Wikipedia:IPs are human too

People who haven't signed up or created an account are seen as troublemakers who spoil things, and some people who edit things often undo or remove what they add.

Some people think that when people who are not signed up on Wikipedia make changes to articles, they often do things to cause trouble. They believe that these people have fewer privileges compared to those who are registered users. However, studies conducted in 2004 and 2007 found that even though a large percentage (80%) of the harmful changes to articles were made by people who were not registered, the majority (over 80%) of the changes made by unregistered users were not harmful. According to the current rules, both registered and unregistered users have the same rights to contribute to Wikipedia and write articles.

Sometimes, people have wrong ideas about things. Because of these wrong ideas, changes made by people who haven't created an account on Wikipedia might be rejected by mistake, and their comments on discussion pages might not be taken seriously. This goes against what Wikipedia believes in and the basic ideas behind all Wikimedia projects. When dealing with people who haven't created an account, it's important to remember that IP editors are human too.

You are an IP too


You are like an IP contributor, but the only thing that makes you different is that your IP address is kept secret. When you signed up for Wikipedia, you chose a username to hide your IP address. People who don't sign up are sometimes called anonymous editors[1], but actually, because your IP address is hidden, you are even more anonymous. The software still keeps a record of your IP address, but other people can't see it normally.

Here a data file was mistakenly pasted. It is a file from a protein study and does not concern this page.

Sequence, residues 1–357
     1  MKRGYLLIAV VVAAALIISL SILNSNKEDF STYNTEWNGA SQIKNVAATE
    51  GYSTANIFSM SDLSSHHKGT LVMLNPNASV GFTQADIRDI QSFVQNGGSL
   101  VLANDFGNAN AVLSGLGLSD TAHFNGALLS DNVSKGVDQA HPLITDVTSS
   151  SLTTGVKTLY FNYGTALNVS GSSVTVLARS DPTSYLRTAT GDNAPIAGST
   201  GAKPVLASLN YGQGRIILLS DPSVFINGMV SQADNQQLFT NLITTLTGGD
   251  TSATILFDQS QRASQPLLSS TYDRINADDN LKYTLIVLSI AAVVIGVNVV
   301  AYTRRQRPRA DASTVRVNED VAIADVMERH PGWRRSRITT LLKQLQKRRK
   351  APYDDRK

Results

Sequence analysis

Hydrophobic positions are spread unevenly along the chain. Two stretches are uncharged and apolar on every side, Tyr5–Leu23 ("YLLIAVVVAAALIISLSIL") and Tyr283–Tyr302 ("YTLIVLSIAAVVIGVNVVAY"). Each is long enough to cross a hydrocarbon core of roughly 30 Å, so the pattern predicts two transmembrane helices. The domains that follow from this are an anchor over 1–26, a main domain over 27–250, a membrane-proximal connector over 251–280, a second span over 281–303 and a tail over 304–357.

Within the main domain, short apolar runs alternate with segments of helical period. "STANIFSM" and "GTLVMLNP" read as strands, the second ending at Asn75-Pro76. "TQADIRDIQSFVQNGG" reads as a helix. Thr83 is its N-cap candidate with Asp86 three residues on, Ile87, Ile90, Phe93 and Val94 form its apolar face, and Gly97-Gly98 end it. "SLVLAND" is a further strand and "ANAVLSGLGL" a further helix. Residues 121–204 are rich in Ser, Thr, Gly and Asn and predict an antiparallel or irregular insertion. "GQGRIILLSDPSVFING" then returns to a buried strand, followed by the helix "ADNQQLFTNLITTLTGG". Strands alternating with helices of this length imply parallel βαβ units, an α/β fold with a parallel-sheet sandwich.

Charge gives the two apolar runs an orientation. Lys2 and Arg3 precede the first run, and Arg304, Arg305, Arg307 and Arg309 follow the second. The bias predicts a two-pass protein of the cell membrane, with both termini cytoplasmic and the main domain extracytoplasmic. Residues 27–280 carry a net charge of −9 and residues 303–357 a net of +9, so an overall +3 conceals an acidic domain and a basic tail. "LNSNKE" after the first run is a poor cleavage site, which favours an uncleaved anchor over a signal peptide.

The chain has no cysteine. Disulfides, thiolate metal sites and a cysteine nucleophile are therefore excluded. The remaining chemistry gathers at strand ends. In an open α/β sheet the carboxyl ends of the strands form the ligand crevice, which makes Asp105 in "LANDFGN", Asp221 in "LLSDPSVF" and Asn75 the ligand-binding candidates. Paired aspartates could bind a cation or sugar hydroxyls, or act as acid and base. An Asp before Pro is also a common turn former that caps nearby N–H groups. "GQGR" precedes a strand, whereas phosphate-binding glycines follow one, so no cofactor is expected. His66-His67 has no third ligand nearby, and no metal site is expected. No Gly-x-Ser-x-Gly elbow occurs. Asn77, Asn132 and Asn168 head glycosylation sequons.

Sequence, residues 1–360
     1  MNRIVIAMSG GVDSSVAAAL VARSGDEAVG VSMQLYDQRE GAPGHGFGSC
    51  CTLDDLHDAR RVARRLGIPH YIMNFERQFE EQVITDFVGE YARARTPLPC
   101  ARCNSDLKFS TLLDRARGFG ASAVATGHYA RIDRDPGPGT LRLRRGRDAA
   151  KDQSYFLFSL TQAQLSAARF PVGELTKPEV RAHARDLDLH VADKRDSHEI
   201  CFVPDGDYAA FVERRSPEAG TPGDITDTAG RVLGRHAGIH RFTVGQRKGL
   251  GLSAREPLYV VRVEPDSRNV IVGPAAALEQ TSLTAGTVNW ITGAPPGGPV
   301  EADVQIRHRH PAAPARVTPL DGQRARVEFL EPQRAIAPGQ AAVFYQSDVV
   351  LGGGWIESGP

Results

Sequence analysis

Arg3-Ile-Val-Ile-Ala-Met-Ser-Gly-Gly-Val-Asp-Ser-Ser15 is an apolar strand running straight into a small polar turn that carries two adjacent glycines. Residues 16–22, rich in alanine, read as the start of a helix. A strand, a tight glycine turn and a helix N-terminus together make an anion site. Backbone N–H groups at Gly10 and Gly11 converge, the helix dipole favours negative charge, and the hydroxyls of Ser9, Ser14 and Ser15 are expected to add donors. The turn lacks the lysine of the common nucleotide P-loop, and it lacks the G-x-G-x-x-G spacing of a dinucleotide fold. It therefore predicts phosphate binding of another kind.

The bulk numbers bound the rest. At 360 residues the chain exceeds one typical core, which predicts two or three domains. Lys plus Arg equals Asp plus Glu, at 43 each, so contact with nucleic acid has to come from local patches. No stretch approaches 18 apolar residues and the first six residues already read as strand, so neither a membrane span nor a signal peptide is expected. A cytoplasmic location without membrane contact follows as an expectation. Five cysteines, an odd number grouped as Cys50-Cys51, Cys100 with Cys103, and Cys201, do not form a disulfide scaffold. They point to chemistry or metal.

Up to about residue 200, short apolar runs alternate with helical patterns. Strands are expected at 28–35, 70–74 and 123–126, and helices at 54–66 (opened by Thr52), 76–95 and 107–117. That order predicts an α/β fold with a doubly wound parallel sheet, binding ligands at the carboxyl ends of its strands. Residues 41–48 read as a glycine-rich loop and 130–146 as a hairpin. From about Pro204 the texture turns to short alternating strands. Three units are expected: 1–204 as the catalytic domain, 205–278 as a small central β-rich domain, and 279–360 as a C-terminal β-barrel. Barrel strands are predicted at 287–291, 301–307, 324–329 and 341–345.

Remember this when dealing with people who haven't registered on the website. They are not a lower category of users, nor a special group we tolerate. They are not like swarms of locusts trying to destroy your article. They are individuals, just like you. Why does it matter if they haven't made an account? Just like you, they deserve to be treated with kindness and trust. When you write on discussion pages and share your thoughts, their opinions should also be respected and considered.

Our readers are IPs too


Many people who read our website are not registered users. They are called "IPs." When someone without an account changes something in an article or leaves a comment, it is their opinion as one of our readers. Their opinion should not be ignored just because they don't have an account. Sometimes these readers without accounts make helpful changes to Wikipedia.

Common misconceptions


Some people think that rules only apply to people with accounts. That's not true. Rules affect everyone, whether they have an account or not, in the same way.

  • Comments by unregistered users on talk pages don't count: Yes, they do. Talk page discussion is about finding agreement. It doesn't matter if you have an account or not, everyone's opinions count. People without accounts can also make changes here. Most of the people who read our articles don't have accounts. When you comment, focus on the ideas, not who said them. Don't ignore someone's opinion just because they didn't make an account. And always remember, be kind and respectful to others.
Analysis of 248 edits to English-language Wikipedia articles from 04:43 to 04:46 UTC on 18 Feb 2007
  • Unregistered users are more likely to vandalise articles: This is true, but most of the changes made by people who are not registered users are not harmful. In a study done in February 2007, it was found that 80.2% of harmful changes were made by people who were not registered. However, 81.9% of the changes made by unregistered users were not harmful at all. The changes made by unregistered users that were not harmful accounted for 29.4% of all the changes made to articles. Only 6.5% of the changes made by unregistered users were harmful, while they helped fix over a quarter (28.5%) of all harmful changes. 91.9% of the changes made to Wikipedia articles were helpful, and unregistered users were responsible for almost a third of those changes. Another study done by IBM found that there is no clear link between being anonymous and making harmful changes. In fact, the research group discovered that anonymous users make significant and positive contributions.



  1. As of 2019, the historical "account vs anonymous" terminology is strongly discouraged on the grounds of Internet privacy.